Sunday, March 9, 2014

house home

I've written many posts about this house, mostly about our difficulty in leaving it. This is the story about how I acquired it.

I bought my house in the city when I was 25. I was between marriages, though I didn't know that at the time, and was back living with my parents. I was jobless due to the fact that I had quit my job to move out on some land in east Texas with my now ex-husband in some sort of half hearted attempt to rekindle my affection for the rat bastard.

It didn't work.

So here I was at 24, back in the city, back in the house of my parents that I had married the rat bastard for in the first place to escape. And although they didn't hassle me about going out and finding work and my own place or maybe even going back to school and actually getting the art degree I had started on, I really wanted out again. They didn't keep their disapproval of my lifestyle secret.

They did allow me the space to figure out what I wanted to do though and for that I am grateful.

By the time I had got the idea to see if I could buy a house instead of renting an apartment, my most likely future abode, I had started my fledgling etched glass business and was even making a little money.

I don't remember how the idea of buying a house came up, if it was some cock-eyed thought of mine or came from a friend or my parents, I can't say, but my parents supported the idea. A friend of the family in real estate found half a dozen or so little cottages in the run down Heights area that I had selected to live in based totally on a regret mused by a friend of mine at the time who had bought a place in a different neighborhood. It turned out to be one of those serendipitous utterances that had a major impact on my life, much like the one that sent me on my career path.

I had a budget of $15,000 in mind, which at the time was a huge amount to me, a scary amount, and we looked at 3 or 4 run down cottages and then we looked at this house. It was beautiful, beautifully kept with 10' ceilings and hardwood floors and wood frame double hung windows with a pattern of diamonds across the top and a porch and deep eaves, nearly a hundred years old, but I liked that. The owner was firm on the price, $19,000. But this was the house. This one. I could live here and work here.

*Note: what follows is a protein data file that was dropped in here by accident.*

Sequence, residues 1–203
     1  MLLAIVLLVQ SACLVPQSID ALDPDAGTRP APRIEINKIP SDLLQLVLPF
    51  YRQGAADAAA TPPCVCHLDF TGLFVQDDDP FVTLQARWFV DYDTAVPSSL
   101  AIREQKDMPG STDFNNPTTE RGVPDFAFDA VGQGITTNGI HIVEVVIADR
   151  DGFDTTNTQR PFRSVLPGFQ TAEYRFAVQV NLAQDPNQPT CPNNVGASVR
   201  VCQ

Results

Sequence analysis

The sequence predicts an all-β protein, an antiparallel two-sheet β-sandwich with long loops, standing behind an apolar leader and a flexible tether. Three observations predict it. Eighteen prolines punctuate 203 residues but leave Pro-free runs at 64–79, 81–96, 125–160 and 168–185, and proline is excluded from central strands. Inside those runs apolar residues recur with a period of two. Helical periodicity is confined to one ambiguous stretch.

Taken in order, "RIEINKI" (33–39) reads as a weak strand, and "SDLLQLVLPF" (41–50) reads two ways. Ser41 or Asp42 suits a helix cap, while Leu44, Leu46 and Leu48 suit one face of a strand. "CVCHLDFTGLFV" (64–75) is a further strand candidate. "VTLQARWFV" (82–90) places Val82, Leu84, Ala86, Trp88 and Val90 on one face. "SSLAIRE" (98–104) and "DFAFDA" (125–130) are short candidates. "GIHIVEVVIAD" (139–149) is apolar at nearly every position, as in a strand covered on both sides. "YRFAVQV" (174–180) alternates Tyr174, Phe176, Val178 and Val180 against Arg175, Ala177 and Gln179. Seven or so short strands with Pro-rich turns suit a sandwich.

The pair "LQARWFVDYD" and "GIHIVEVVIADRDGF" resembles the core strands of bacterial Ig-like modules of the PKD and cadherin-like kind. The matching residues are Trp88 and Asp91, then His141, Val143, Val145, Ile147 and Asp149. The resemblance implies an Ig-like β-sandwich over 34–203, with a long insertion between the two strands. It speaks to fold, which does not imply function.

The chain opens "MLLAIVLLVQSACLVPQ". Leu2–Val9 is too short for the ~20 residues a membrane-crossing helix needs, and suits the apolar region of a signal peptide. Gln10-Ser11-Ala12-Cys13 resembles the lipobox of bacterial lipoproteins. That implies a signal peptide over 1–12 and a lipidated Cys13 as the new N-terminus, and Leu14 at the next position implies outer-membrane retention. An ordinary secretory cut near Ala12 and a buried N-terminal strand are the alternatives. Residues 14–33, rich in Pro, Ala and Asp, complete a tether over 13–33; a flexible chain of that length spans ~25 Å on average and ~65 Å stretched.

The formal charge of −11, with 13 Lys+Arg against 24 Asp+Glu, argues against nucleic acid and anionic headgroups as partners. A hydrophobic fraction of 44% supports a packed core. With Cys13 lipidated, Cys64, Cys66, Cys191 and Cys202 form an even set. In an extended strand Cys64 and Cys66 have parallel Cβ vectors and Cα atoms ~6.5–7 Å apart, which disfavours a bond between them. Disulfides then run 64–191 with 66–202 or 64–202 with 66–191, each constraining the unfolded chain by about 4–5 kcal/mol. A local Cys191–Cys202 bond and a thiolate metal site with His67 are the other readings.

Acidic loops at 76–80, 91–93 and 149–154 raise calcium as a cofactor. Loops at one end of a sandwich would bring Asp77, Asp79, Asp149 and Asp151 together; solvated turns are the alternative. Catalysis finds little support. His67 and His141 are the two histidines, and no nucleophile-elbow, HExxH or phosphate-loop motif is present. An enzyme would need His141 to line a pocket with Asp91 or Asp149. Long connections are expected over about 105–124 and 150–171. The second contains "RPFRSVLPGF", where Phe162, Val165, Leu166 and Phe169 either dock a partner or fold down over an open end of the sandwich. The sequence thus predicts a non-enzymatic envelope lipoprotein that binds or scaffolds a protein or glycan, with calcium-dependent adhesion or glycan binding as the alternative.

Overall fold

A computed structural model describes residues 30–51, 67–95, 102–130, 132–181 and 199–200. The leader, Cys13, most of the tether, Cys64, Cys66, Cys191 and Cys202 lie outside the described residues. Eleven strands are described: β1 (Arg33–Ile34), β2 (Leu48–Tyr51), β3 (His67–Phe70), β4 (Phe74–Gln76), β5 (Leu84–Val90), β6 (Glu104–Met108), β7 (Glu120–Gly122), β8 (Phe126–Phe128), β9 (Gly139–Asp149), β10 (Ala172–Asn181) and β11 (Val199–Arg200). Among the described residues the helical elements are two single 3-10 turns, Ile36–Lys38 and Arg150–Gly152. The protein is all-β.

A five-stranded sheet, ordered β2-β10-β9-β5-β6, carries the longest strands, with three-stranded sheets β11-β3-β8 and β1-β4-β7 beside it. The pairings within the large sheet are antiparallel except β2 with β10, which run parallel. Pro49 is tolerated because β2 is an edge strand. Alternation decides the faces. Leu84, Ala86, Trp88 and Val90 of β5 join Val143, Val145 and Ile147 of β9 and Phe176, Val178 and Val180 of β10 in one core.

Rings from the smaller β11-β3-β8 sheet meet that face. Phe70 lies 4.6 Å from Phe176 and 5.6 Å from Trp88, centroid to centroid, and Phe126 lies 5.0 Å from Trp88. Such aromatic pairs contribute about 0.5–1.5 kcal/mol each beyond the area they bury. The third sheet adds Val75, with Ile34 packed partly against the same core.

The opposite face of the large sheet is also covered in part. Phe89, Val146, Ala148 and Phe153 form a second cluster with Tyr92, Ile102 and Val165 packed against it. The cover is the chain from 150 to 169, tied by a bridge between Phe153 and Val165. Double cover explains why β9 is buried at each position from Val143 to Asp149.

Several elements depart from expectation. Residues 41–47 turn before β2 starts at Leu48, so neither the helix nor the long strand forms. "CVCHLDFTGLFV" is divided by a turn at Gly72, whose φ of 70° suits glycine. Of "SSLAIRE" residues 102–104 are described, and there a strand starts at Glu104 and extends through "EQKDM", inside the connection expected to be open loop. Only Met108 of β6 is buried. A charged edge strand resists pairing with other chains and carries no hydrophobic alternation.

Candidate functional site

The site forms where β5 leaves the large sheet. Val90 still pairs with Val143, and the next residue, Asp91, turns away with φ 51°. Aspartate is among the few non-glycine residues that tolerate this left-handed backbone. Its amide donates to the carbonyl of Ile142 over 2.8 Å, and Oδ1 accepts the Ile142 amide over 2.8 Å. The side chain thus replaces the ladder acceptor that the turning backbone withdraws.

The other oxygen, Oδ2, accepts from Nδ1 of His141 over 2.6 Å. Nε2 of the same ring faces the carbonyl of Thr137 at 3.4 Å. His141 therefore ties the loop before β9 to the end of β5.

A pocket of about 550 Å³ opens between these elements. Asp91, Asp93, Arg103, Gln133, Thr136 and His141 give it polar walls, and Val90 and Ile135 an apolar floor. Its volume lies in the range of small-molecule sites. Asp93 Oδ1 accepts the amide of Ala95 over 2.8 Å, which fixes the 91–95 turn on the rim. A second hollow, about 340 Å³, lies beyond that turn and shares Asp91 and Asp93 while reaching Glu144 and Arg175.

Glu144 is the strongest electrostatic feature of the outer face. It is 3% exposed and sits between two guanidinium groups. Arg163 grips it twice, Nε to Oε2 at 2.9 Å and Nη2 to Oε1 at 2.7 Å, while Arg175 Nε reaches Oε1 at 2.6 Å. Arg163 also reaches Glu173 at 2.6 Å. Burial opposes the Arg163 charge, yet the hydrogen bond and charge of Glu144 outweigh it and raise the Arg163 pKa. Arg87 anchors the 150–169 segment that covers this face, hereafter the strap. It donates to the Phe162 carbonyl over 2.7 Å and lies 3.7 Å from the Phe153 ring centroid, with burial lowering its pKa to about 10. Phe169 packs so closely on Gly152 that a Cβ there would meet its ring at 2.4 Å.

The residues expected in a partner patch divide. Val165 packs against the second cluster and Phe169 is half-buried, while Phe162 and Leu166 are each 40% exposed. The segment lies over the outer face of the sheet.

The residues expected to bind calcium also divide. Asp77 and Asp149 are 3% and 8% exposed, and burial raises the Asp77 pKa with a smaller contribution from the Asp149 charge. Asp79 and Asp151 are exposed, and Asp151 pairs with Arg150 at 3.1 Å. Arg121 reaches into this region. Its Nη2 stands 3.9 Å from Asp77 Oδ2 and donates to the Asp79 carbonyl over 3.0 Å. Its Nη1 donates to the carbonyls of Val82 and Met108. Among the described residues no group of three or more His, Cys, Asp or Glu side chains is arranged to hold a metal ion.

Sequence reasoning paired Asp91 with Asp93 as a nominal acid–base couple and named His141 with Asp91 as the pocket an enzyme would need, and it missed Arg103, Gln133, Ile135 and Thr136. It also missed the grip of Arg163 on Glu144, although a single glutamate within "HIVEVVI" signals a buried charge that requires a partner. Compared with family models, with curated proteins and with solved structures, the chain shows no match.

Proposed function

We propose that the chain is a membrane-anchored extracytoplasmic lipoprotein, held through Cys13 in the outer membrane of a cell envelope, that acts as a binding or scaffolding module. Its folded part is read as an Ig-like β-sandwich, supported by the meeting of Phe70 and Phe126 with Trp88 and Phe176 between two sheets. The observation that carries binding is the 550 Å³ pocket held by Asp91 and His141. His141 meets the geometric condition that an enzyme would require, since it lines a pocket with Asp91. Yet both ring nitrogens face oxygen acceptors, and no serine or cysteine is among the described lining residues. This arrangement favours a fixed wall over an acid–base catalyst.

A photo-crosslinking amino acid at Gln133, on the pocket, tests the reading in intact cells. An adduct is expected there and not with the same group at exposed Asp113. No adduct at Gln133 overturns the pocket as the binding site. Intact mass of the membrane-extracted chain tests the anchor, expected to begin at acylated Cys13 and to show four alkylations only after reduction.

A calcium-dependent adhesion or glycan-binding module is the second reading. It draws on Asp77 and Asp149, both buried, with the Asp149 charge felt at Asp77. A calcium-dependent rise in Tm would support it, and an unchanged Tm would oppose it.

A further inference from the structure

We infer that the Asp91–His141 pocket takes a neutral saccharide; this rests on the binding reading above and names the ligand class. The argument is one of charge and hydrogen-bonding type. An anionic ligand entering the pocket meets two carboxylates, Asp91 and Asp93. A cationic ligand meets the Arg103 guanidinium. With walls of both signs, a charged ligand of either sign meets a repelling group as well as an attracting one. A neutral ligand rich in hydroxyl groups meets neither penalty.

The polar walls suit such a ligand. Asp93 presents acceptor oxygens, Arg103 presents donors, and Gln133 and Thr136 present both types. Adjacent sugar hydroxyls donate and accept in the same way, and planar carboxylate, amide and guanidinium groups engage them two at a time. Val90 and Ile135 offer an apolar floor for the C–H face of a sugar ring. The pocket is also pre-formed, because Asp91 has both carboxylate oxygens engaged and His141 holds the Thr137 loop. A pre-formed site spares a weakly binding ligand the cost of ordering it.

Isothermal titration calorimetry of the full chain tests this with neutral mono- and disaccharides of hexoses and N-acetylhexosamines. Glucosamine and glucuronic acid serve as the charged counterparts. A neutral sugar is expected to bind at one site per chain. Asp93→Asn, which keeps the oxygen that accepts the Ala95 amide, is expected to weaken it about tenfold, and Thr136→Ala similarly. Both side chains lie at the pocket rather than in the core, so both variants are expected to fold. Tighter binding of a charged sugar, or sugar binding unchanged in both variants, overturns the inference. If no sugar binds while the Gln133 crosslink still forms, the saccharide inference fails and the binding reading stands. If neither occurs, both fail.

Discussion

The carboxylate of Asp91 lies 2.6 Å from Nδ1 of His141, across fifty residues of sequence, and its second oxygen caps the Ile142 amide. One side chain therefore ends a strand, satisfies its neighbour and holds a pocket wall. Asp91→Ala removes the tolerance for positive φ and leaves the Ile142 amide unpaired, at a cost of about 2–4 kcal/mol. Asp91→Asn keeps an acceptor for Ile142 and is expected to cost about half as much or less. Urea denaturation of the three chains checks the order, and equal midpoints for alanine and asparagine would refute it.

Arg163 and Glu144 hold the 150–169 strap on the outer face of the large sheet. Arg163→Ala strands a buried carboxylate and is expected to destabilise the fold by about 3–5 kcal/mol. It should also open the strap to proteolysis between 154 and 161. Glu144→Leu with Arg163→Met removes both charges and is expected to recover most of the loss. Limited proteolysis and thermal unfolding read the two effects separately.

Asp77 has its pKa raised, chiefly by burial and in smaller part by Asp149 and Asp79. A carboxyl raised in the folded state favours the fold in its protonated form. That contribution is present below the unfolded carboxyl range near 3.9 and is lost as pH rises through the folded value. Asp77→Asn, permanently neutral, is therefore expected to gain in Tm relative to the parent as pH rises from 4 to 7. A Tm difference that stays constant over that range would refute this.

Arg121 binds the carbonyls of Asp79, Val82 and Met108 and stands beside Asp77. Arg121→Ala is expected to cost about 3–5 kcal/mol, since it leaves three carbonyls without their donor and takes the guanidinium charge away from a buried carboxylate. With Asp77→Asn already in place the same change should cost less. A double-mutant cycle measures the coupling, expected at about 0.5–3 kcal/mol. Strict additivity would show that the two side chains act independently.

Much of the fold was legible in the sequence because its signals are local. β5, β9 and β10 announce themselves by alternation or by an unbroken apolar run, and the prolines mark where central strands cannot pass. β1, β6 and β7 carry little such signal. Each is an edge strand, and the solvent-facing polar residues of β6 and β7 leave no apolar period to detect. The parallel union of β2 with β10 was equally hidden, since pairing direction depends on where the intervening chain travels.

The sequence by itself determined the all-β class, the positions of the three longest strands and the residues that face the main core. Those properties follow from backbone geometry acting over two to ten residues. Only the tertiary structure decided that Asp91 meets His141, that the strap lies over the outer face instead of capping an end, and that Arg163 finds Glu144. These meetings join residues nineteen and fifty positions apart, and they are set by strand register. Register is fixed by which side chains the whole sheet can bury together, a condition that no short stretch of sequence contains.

If you have ever bought a house, you know what a sobering experience that is. My father agreed to co-sign the Fannie Mae note which is a good thing because I'm sure they would not have given me the time of day otherwise. Being a young, female, self employed artist was as good as being unemployed as far as they were concerned. Hell, I couldn't even get a credit card.

a little rundown but in it's heyday

And so that is how I got my house. This house was my home for 35 years and our shop is still there. Over half of my life was spent in this house. It was my own safe place, Marc and I got married in the living room, we worked hard and built up our etched glass studio there, we raised our kids and pampered our grandkids in it. And though we moved from it, it has never really stopped being 'the' house and in a deep sense, home even though we like living out here in the country very much and we like this little house we are in.

The plan was to build a shop out here and move the business but we have not been able to, so far, get that done.

Our son and daughter-in-law have been living in the city house for the past nearly two years, taking care of minor repairs and, most importantly, occupying the place, breathing a little life back into it. We have our little apartment in the back corner and we seem to have settled in to returning to the city when we have fabrication to do.

We've always known we would sell the place eventually, but that's always been 'down the road'.

Only, maybe the road is shorter than we thought.


  1. oh, i can feel the anxiety of letting go of it and can totally understand why you'd feel that way. what a sweet place it has been for you for a long time.

  2. I was divorced at 26, but I found myself in a crappy one bedroom apartment next to an airport.

  3. I understand completely. When it comes time to move from this house where I live now I am going to be in horrible grief. I have been happier here, and more at home than any place I've ever lived.

  4. Even though I don't understand home owning, I would hate to see you let your house go. Just cause you've had it for so long maybe but probably cause it sounds like such a big part of you.

  5. Oh I feel for you. I totally understand the anguish of giving up a place you've lived and loved in. Along the way, it becomes an essential part of who you are. Times change.. this too will be right if and when it happens.

  6. I've never lived more than 10 years in any one house so have never become emotionally attached to any one place in particular - apart from my Grans house ... and when I visited that the other year (over 25 years after she had died) I felt sad - the place had changed beyond recognition.

  7. Now *I'M* feeling anxious about the house! I'm so glad you have your country place to help soften the blow once you finally sell the city place...


I opened my big mouth, now it's your turn.